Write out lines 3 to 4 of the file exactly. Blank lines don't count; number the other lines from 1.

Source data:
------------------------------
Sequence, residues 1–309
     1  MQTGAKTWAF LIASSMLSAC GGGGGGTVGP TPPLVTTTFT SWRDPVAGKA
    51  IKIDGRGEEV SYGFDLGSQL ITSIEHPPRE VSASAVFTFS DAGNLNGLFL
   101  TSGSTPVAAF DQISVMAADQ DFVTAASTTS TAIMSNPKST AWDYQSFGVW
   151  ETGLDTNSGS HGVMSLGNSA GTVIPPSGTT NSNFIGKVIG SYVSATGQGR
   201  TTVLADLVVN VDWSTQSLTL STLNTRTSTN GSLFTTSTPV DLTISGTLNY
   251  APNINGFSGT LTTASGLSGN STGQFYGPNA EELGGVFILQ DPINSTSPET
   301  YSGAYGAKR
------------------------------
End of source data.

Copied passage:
    51  IKIDGRGEEV SYGFDLGSQL ITSIEHPPRE VSASAVFTFS DAGNLNGLFL
   101  TSGSTPVAAF DQISVMAADQ DFVTAASTTS TAIMSNPKST AWDYQSFGVW